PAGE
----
Love and Desdemona

2800 WordsNov 30, 200512 Pages
othello was a tradgic play. it shows many different types of feeling inWithout Trust, Love Cannot Prevail Trust can be defined as assured reliance on the character, ability, strength, or truth of someone or something (Webster's 1246). In life many people are faced with the decision on who or who not to trust, especially in the realm of love. Trust is one of the main factors needed to determine a healthy, loving relationship. In William Shakespeare's Othello, the main character Othello is unable to trust his new bride Desdemona. In act one, scene three, Desdem the all the actsOthello, the central character of William Shakespeare's play is an excellent leader but a poor reasoner and foolish lover. The tragedy of `Othello' is largely due to…show more content…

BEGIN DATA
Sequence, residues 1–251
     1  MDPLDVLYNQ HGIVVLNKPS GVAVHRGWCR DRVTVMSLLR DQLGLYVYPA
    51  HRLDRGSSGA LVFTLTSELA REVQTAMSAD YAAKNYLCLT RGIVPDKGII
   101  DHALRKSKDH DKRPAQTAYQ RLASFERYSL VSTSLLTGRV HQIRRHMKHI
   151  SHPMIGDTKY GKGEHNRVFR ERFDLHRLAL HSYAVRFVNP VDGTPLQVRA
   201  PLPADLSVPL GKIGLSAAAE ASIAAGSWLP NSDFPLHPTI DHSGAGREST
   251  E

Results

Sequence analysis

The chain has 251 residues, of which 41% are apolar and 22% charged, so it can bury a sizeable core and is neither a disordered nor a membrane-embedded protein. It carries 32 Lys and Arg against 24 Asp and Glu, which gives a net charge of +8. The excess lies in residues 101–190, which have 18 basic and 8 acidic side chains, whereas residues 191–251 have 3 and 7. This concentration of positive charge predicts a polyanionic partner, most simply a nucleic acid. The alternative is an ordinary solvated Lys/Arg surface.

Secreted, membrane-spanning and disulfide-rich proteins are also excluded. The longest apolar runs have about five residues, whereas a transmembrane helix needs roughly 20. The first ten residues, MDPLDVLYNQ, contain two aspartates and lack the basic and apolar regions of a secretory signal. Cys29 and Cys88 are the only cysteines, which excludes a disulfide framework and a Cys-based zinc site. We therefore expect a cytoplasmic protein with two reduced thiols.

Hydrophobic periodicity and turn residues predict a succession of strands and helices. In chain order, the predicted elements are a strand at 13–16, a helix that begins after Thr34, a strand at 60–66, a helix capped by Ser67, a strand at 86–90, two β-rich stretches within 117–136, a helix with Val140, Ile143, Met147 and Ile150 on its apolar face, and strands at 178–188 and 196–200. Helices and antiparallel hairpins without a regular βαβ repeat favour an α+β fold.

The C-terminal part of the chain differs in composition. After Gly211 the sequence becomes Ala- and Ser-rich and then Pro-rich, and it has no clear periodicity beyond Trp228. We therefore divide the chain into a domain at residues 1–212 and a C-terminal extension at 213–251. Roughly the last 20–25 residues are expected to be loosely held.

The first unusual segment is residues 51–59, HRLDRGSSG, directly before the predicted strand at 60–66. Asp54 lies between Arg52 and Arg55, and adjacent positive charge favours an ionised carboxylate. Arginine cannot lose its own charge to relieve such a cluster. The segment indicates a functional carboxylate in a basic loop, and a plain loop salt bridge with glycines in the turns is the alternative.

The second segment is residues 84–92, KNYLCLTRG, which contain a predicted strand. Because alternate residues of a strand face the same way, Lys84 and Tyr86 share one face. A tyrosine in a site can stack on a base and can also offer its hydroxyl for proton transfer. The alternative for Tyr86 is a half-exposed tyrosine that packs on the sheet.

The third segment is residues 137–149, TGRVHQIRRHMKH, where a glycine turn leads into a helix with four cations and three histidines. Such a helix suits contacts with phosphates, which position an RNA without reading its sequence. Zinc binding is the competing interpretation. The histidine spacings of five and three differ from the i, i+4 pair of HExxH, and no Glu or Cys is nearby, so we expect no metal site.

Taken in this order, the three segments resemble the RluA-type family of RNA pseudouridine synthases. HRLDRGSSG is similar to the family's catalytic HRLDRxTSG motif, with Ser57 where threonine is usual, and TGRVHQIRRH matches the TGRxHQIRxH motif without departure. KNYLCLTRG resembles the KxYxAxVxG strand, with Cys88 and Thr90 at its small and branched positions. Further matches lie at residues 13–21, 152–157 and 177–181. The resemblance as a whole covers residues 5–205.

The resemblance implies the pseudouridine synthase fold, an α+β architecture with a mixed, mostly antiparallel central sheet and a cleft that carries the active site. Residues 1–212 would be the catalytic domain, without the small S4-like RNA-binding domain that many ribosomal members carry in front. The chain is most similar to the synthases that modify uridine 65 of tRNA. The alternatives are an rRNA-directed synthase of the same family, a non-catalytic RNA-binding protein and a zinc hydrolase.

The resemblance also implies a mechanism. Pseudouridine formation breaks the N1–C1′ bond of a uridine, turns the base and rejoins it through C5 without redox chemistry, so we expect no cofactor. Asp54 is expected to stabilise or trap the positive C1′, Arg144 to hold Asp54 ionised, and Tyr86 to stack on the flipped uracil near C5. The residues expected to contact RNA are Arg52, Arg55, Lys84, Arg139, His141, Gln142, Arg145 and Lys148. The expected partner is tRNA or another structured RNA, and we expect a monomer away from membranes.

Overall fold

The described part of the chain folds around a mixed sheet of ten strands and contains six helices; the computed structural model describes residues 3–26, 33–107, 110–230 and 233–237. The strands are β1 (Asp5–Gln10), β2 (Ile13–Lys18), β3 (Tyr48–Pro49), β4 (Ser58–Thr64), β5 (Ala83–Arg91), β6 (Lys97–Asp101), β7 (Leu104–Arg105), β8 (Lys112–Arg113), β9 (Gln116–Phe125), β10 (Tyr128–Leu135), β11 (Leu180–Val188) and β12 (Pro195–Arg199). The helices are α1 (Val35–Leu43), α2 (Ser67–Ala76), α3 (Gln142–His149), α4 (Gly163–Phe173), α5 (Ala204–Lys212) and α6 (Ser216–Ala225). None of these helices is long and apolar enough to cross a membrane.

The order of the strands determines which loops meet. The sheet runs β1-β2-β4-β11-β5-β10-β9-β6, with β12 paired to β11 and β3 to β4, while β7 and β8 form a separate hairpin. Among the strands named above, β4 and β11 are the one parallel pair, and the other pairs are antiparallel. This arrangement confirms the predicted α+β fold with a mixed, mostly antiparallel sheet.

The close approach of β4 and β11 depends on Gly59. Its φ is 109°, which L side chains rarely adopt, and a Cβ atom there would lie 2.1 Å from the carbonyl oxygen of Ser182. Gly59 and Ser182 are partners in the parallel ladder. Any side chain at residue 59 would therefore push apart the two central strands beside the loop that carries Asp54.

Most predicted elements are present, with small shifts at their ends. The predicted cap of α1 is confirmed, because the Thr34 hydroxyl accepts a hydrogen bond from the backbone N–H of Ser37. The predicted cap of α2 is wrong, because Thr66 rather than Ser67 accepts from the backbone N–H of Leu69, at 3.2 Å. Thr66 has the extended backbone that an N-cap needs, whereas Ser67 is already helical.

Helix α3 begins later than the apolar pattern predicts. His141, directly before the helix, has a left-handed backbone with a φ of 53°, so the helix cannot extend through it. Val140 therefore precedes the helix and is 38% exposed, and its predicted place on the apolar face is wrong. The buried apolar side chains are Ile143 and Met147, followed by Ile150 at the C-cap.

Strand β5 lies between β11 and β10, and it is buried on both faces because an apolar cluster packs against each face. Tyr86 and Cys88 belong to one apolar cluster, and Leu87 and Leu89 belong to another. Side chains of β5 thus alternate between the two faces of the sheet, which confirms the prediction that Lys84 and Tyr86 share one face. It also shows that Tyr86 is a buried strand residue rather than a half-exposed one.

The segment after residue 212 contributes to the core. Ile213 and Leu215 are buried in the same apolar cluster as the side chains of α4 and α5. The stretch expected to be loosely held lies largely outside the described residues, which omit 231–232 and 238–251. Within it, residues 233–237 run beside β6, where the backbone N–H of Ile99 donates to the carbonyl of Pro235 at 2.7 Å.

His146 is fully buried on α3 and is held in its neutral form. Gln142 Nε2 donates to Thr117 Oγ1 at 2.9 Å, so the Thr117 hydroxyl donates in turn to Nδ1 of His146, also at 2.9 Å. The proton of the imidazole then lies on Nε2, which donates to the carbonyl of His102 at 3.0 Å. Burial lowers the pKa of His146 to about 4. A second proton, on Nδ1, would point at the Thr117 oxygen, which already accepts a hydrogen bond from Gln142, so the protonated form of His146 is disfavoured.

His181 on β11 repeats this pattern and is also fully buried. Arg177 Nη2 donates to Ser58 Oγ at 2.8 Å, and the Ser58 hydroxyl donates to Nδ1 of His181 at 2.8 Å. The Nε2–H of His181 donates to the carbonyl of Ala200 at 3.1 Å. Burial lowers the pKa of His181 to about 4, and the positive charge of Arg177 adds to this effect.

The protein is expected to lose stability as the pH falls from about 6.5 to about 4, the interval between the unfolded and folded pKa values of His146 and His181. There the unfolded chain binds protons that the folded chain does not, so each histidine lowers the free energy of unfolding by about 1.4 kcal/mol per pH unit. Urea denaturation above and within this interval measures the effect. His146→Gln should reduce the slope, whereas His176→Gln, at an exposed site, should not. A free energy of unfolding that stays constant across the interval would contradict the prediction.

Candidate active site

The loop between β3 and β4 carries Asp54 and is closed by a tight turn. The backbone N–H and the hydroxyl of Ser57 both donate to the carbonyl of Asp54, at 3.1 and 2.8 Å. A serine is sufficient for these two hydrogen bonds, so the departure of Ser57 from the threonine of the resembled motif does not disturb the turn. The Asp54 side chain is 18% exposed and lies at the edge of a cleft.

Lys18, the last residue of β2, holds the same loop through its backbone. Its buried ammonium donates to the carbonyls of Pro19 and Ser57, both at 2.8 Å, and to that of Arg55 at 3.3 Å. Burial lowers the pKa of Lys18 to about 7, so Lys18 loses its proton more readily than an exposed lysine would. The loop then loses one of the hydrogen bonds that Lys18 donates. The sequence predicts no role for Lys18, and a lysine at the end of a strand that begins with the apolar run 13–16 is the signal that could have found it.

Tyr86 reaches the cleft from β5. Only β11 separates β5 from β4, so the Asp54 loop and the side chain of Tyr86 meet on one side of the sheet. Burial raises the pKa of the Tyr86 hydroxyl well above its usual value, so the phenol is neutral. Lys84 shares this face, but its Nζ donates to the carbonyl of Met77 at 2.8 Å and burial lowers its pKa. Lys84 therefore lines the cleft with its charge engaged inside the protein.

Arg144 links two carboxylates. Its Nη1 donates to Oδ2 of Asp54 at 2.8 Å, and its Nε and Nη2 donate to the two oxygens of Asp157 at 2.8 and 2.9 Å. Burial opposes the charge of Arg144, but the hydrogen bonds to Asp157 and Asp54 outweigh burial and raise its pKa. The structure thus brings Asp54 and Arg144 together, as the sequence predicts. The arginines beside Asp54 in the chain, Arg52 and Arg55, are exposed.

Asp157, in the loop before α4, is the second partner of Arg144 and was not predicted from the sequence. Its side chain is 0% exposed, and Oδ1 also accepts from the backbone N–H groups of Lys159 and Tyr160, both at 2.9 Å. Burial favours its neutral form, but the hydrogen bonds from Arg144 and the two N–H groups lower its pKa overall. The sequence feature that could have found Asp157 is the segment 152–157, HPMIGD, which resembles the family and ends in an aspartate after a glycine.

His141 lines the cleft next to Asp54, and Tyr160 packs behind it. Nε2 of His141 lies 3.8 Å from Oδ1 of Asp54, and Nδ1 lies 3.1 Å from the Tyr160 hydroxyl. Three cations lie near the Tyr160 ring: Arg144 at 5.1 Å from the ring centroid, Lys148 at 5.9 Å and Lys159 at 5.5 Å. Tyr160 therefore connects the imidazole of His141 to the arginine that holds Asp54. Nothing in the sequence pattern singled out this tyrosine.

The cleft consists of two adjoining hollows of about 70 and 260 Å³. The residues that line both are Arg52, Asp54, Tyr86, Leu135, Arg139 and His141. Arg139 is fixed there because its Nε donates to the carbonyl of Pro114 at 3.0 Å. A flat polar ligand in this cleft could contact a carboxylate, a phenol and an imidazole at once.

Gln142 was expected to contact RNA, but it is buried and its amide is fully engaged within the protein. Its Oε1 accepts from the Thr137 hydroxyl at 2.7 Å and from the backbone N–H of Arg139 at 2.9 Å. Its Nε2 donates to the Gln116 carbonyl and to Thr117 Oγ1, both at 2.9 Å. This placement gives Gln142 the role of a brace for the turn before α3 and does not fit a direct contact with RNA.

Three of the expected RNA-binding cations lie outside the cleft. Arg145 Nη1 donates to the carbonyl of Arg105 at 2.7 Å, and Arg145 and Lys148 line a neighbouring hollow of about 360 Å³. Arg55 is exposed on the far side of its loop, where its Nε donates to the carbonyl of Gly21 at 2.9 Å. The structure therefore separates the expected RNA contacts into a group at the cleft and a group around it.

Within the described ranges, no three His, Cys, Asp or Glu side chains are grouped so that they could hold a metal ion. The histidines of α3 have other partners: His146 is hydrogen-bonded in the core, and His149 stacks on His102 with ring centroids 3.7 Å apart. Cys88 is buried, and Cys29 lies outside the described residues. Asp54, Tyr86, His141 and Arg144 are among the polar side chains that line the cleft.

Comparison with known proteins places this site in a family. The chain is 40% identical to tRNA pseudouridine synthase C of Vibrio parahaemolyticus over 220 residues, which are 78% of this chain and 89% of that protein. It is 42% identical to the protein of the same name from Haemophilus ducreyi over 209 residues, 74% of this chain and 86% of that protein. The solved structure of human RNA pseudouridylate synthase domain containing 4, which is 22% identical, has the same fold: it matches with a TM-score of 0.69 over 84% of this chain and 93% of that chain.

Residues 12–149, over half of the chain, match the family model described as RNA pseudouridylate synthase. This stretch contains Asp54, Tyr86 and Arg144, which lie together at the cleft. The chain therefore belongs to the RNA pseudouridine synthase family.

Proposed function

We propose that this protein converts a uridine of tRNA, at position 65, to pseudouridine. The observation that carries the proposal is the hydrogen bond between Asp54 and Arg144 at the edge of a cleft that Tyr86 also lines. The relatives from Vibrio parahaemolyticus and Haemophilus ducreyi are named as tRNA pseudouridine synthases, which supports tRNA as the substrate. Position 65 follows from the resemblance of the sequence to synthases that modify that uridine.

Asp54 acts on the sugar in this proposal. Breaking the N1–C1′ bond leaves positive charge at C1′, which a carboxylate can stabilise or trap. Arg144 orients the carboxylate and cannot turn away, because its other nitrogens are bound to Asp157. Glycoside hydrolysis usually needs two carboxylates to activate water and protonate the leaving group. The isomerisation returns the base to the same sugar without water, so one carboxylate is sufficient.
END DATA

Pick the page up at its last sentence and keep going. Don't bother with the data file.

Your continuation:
There are in Othello, as in life, many different types of love, with some characters displaying different sorts of love depending on with whom they are sharing their love. Probably The Senate scene should be studied carefully in order to reach an adequate appreciation of the frankly declared love of these newly wedded people. Only by realizing the great depth of their love can one grasp the enormity of Iago's hideous crime against them. Some of the commentators tell us that it was a love in which one great soul called to another, but each reader must find his own evidence of such a love in the lines of the play. Careful study will convince him that theirs was a greater, deeper love than the impetuous love of Romeo and Juliet or the impassioned love of Antony and Cleopatra. (82) Daringly, Shakespeare opens this tragedy of love not with a direct and sympathetic portrayal of the lovers themselves, but with a scene of vicious insinuation about their marriage. The images employed by Iago to describe the coupling of Othello and Desdemona are revoltingly animalistic, sodomistic. [. . .] This degraded view reduces the marriage to one of utter carnality, with repeated emphasis on the word "gross": Desdemona has yielded "to the gross clasps of the lascivious Moor," and has made "a gross revolt" against her family and society (II.129, 137). (218)
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